April 22, 2009

THE CIA DOESN'T TRUST HIM AND CONGRESSIONAL DEMOCRATS DON'T RESPECT HIM:

Slow Roll Time At Langley (David Ignatius, April 22, 2009, Washington Post)

President Obama promised CIA officers that they won't be prosecuted for carrying out lawful orders, but the people on the firing line don't believe him. They think the memos have opened a new season of investigation and retribution.

The lesson for younger officers is obvious: Keep your head down. Duck the assignments that carry political risk. Stay away from a counterterrorism program that has become a career hazard.

Obama tried personally to reassure the CIA workforce during a visit to Langley on Monday. He said all the right things about the agency's clandestine role. But it had the look of a campaign event, with employees hooting and hollering and the president reading from his teleprompter with a backdrop of stars that commemorate the CIA's fallen warriors. By yesterday, Obama was deferring to the attorney general whether to prosecute "those who formulated those legal decisions," whatever that means.

Obama seems to think he can have it both ways -- authorizing an unprecedented disclosure of CIA operational methods and at the same time galvanizing a clandestine service whose best days, he told them Monday, are "yet to come." Life doesn't work that way -- even for charismatic politicians.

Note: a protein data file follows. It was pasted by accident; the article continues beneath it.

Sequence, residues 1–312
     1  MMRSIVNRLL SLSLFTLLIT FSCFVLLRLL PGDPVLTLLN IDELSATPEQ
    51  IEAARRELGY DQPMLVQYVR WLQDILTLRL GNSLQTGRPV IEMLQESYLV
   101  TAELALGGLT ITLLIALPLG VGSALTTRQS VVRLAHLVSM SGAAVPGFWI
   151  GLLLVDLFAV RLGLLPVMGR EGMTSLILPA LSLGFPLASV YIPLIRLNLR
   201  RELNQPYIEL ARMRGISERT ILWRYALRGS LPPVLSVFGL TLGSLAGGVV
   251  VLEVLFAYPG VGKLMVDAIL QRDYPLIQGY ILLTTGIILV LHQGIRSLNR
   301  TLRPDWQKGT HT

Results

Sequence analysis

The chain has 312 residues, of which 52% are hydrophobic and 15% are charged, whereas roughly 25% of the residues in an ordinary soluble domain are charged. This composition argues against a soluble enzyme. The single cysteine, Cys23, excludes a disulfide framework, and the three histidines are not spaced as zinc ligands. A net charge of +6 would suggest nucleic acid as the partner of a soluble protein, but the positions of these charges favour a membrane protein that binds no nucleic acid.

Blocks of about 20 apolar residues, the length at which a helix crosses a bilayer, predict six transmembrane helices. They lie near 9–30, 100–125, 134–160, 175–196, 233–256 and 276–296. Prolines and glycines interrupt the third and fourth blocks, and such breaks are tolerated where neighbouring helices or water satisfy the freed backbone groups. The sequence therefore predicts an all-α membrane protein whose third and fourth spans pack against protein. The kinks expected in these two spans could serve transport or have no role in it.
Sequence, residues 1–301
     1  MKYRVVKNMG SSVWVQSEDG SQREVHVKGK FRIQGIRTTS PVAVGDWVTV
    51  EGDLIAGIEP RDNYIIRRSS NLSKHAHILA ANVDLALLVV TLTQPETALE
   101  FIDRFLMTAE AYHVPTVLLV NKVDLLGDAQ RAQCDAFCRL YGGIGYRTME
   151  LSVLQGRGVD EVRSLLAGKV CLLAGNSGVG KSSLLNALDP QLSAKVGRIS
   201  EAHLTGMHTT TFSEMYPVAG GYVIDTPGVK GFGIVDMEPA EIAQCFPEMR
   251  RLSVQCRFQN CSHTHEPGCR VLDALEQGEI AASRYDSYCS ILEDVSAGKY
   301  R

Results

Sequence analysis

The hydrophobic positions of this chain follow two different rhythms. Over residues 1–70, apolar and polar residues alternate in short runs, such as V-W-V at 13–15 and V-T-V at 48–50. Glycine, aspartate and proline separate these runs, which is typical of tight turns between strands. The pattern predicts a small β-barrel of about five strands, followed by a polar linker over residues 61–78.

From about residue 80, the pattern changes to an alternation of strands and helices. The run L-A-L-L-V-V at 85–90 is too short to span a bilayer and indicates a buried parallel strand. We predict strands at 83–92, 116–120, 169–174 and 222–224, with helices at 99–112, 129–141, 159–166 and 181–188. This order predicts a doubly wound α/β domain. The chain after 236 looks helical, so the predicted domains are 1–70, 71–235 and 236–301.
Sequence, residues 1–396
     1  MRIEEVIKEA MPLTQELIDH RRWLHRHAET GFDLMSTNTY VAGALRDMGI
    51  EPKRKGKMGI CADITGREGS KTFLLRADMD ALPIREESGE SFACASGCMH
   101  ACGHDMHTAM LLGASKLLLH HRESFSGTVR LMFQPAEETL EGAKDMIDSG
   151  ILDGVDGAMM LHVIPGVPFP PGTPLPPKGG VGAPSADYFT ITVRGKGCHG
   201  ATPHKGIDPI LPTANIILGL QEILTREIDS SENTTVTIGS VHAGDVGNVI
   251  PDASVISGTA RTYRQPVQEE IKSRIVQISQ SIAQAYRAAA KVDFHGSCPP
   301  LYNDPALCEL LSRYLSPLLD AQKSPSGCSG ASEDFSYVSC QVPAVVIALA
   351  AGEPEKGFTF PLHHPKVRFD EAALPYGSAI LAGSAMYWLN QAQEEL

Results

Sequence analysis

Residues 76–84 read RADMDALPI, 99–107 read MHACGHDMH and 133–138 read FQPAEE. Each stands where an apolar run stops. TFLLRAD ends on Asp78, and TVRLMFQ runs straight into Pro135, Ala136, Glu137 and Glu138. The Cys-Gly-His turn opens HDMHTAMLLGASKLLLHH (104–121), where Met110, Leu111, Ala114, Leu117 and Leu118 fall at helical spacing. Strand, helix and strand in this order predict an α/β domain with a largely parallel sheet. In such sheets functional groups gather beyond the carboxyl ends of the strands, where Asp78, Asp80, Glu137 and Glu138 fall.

Obama Won’t Bar Inquiry, or Penalty, on Interrogations (SHERYL GAY STOLBERG, 4/22/09, NY Times)
[U]nder intense pressure from Democrats on Capitol Hill and human rights organizations to investigate, the president suggested Tuesday that he would not stand in the way of a full inquiry into what he has called “a dark and painful chapter” in the nation’s history.

Mr. Obama said he was “not suggesting” that a commission be established. But he also sketched out the parameters for a panel that would look much like the one that investigated the Sept. 11 attacks, saying that “if and when there needs to be a further accounting,” he hoped Congress would examine ways for it to be conducted in a bipartisan fashion. Some Democrats are pushing similar proposals on Capitol Hill.

The president restated his opposition to prosecuting C.I.A. operatives who followed the Bush administration’s legal guidelines in conducting interrogations. But as for lawyers or others who drew up the policies allowing techniques he has banned, Mr. Obama said it would be up to his attorney general, Eric H. Holder Jr., to decide what to do.

“I don’t want to prejudge that,” Mr. Obama said.

The comments knocked the ordinarily smooth White House press operation back on its heels. Mr. Obama’s press secretary, Robert Gibbs, spent much of his daily briefing on Tuesday being peppered with questions about precisely what Mr. Obama had meant, declaring at one point, “To clear up any confusion on anything that might have been said, I would point you to what the president said.”


The ease with which the Hill repeatedly rolls him is just embarrassing.

Posted by Orrin Judd at April 22, 2009 9:10 AM
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